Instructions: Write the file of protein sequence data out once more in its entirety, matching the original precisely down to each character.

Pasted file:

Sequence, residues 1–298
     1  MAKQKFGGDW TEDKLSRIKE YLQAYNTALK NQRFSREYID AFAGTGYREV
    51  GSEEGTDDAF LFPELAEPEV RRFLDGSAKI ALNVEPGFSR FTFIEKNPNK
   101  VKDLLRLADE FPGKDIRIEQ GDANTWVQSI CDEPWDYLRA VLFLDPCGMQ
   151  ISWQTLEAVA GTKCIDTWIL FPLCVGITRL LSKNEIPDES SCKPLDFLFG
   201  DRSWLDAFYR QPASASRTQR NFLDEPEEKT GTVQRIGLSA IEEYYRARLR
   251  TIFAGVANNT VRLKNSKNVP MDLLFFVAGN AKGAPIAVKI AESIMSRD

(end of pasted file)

Sequence, residues 1–298
     1  MAKQKFGGDW TEDKLSRIKE YLQAYNTALK NQRFSREYID AFAGTGYREV
    51  GSEEGTDDAF LFPELAEPEV RRFLDGSAKI ALNVEPGFSR FTFIEKNPNK
   101  VKDLLRLADE FPGKDIRIEQ GDANTWVQSI CDEPWDYLRA VLFLDPCGMQ
   151  ISWQTLEAVA GTKCIDTWIL FPLCVGITRL LSKNEIPDES SCKPLDFLFG
   201  DRSWLDAFYR QPASASRTQR NFLDEPEEKT GTVQRIGLSA IEEYYRARLR
   251  TIFAGVANNT VRLKNSKNVP MDLLFFVAGN AKGAPIAVKI AESIMSRD